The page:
The priority of community organizers should always be to bring in new people. Not everybody has to be doing that or has to be prioritizing that, but I don’t understand an organizer that isn’t trying to develop new leaders. It’s more than just having new faces or having somebody new show up. Part of it is realizing how much work it takes to get a new person to show up. Having somebody step into a room that’s a new face, there are so many things that come before that lead to that point and that’s important. Also, when they enter the room, how do they feel coming in? Do they feel welcome? Do they feel like they can be a part of something? Do they feel confused? If this is really going to become a meaningful relationship, there’s so much work that needs to be done once somebody enters into that space, too. Then the other thing, too, is that it really does take extremely intentional and diligent work in order to have someone feel like they’re welcome. If you ask most people who’ve gotten involved in anything over the last two years:“Why did you go to this thing?” or “Why did you start doing this?” 90% of the time they say, “Oh, my friend told me about it,” or “My family member dragged me to this.”

You don’t have to create new networks, you just have to really understand the networks that are already there.

You don’t have to create new networks, you just have to really understand the networks that are already there. Every single person is already connected to so many other people, and in a place like St. Louis those things go really far. Figuring out how all of those things fit together is also really important. It’s crucial that we are not always just talking to ourselves and that we’re not always preaching to the choir. It’s important that we don’t just look at somebody as a new face and think that we’ve done our work. We have to invest as much time and energy into that relationship and be ready to do that and not let those things fall to the wayside.

Community organizing is no joke. It takes so much effort. Some people have the skill to do it, and some people are like, “I prefer a one-on-one interaction.” But you’re offering these organizations the chance to meet, and have conversations, and move forward, especially with the economic factor, because a lot of people say, “You’re not affected by Ferguson. You don’t live nearby.” Well, our economy is suffering, so how can it be improved? And you’re doing things to help other people come forward to do those things.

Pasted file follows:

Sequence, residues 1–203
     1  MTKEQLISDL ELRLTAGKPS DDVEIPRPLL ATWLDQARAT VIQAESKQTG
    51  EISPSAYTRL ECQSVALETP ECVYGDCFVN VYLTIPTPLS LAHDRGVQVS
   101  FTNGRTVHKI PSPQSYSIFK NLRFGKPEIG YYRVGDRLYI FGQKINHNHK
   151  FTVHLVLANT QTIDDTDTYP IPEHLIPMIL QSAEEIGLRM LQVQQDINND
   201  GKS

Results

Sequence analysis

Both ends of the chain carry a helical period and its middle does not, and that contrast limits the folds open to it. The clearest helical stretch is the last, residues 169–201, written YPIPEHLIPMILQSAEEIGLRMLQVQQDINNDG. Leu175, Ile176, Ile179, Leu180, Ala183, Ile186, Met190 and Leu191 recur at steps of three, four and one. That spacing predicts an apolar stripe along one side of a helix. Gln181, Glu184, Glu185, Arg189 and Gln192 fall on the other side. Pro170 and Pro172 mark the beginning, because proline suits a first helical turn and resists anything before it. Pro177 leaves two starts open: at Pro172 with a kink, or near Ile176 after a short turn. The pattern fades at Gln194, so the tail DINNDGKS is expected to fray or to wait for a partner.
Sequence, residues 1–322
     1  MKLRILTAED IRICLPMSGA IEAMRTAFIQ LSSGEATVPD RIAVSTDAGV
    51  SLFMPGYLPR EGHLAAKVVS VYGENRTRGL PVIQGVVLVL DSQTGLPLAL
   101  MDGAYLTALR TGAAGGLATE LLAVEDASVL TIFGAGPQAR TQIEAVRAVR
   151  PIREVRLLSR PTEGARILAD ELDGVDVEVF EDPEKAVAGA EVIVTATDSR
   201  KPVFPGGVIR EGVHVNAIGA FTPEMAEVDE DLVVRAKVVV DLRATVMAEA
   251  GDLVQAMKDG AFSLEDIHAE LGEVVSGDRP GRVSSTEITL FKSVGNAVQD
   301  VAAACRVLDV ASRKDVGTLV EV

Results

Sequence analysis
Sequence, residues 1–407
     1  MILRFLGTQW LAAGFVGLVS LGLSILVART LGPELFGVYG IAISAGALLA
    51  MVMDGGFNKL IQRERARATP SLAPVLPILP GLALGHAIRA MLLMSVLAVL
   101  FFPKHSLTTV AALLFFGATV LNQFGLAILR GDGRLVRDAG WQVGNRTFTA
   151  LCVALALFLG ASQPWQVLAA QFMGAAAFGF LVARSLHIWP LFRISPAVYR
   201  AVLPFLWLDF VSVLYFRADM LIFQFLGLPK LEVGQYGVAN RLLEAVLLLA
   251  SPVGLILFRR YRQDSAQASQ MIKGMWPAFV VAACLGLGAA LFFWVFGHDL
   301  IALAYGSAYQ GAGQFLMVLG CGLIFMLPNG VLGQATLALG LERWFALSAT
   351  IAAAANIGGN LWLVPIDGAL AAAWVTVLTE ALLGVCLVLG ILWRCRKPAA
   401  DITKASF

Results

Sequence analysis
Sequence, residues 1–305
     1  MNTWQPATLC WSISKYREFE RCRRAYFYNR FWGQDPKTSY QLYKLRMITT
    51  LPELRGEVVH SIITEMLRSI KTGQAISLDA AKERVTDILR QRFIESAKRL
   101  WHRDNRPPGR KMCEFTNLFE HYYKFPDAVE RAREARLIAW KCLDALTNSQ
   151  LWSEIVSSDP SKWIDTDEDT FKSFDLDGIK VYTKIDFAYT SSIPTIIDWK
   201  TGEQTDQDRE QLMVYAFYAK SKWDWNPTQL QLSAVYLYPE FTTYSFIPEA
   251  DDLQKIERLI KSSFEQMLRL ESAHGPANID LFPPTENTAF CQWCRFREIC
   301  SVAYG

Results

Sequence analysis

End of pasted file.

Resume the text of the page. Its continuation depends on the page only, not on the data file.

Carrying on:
A point of pain, or something I think about a lot, is the amount of trauma that people have experienced because of their race in the city and the amount of violence that people have to face on an everyday basis, but also as a direct result of being involved in this movement and being part of that work. I see people who gave up so much to jump head first into this and weren’t thinking about their long-term health, their mental health, their physical health, their emotional health, and not taking those things into account when they’re in a moment of crisis. As a result, they burned out or didn’t have enough money to survive or eat. Part of the motivation for me doing something like Solidarity Economy St. Louis is wanting to create the capacity and the structures for people to both engage in this work in the way that they want to, in a way that fits their passions and their skills, but also to do it from a place of wellness and health and not from a place of constant crisis and urgency. I have the mindset that if any of these things are going to change, it’s going to take a long time, and the only way for those things to actually happen is if people are well and feel healthy. There are so many ways in which people traumatize themselves even more by being engaged in work that they find is meaningful. I would like to be able to find a way that people can be passionate about changing our city without having to sacrifice their well-being in the process.